Professeur d'histoire de l'art contemporain à Paris-X Nanterre, Régent du Collège de 'Pataphysique (chaire d'Amôriographie littéraire, ethnographique et architecturale), Marc Décimo est linguiste, sémioticien et historien d'art.

Reconsidérer la lèpre et la léproserie


vendredi 20 octobre 2017

La campagne de Barbara Robb

Improving Psychiatric Care for Older People: Barbara Robb’s Campaign 1965-1975 

 Claire Hilton

Series: Mental Health in Historical Perspective
Hardcover: 283 pages
Publisher: Palgrave Macmillan; October 14, 2017
Language: English
ISBN-13: 978-3319548128

This book tells the story of Barbara Robb and her pressure group, Aid for the Elderly in Government Institutions (AEGIS). In 1965, Barbara visited 73-year-old Amy Gibbs in a dilapidated and overcrowded National Health Service psychiatric hospital back-ward. She was so appalled by the low standards that she set out to make improvements. Barbara’s book Sans Everything: A case to answer was publicly discredited by a complacent and self-righteous Ministry of Health. However, inspired by her work, staff in other hospitals ‘whistle-blew’ about events they witnessed, which corroborated her allegations. Barbara influenced government policy, to improve psychiatric care and health service complaints procedures, and to establish a hospitals' inspectorate and ombudsman. The book will appeal to campaigners, health and social care staff and others working with older people, and those with an interest in policy development in England, the 1960s, women’s history and the history of psychiatry and nursing.

Les cultures matérielles de la psychiatrie

Material Cultures of Psychiatry

Call for papers

3 mai 20184 mai 2018
Department for History and Ethics of Medicine Hamburg

Deadline: 15 December 2017
Languages: German, English


In the past, our ideas of psychiatric hospitals and their history have been shaped by objects like straitjackets, cribs and binding belts. These powerful objects are often used as a synonym for psychiatry and the way psychiatric patients are treated. But what do we really know about the social life (see Majerus 2011) of psychiatric patients and the stories of less spectacular objects in the everyday life of psychiatric institutions? What do we know about the material cultures of these places in general?

The workshop will use the term “material cultures” very broadly and in the plural. This term refers not only to medical objects, objects of therapy and objects of care, but also to everyday cultural objects. The latter are subject to change when they enter the realm of psychiatry, where they become part of the specific cultural praxis of psychiatric institutions: a bed clearly changes its meaning in a psychiatric hospital, but so do flowers, a mirror and a blanket. The term “material cultures” also includes phenomena that have a material dimension like air, light, colours and sound (see Kalthoff et al. 2016). The use of the term in the plural should make us aware of the different, often competing cultural practices that emerge when we focus on the application and appropriation of objects and materials by patients, doctors and nursing staff. It also raises the question of the extent to which material cultures influence both therapeutic treatment and the production of knowledge.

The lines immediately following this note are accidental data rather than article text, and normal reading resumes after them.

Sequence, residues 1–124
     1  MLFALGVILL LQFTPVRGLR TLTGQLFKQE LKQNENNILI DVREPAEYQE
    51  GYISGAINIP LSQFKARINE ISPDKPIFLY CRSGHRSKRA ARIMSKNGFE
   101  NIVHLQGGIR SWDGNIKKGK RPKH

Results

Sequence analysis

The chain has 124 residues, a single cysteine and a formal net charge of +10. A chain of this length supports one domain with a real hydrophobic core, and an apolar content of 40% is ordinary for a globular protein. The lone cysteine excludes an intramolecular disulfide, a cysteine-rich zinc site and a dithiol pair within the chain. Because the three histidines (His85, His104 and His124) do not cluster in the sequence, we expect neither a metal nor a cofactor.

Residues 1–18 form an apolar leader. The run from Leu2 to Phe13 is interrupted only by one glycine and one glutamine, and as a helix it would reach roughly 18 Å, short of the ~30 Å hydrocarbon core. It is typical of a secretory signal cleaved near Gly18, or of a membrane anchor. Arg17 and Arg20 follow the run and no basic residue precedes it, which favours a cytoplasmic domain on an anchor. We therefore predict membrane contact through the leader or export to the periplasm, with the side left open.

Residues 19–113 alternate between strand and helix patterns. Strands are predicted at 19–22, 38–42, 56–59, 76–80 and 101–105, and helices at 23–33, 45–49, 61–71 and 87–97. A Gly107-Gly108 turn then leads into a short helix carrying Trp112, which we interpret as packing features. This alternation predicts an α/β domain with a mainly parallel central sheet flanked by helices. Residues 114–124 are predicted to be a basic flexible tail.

Objects as agents
Objects can be described as agents since they have a stabilising, destabilising and transforming impact on the practice of psychiatry; they organise social relationships, influence or predetermine the practice of psychiatry, have an impact on power relations and create specific self-relations and relationships with others. Presentations should analyse objects from the history of psychiatry as agents and explore their fields of action.

Means of appropriation and expropriation
The (artistic) works of patients, as found in historical collections such as the Prinzhorn Collection in Heidelberg and the Morgenthaler Collection in Bern, are impressive testimonies of the manifold ways that patients appropriated the different materials of psychiatric hospitals, including remnants, clippings, bedsprings and much more. They are part of a material culture of psychiatry and bear its traces. In parallel, patients’ works as well as personal belongings were subject to expropriation, interpreted as symptoms of a disease or used for the implementation of new (power) relations. Appropriation concerned not only materials but also therapeutic objects or objects of care that had to be appropriated by patients, doctors and nursing staff.

Scenography of things
The term “scenography” refers to the design of stage scenery. It draws attention to the spatial arrangement of people and things as well as the scripts that are inscribed in an object, which the spatial arrangement (of a ward, a day room, a hall) should express. It poses the question of how objects and material phenomena structured the perception, communication and movements of patients, nursing staff and doctors, and how these spatial arrangements of objects and agents influenced the interactions and power relations between them.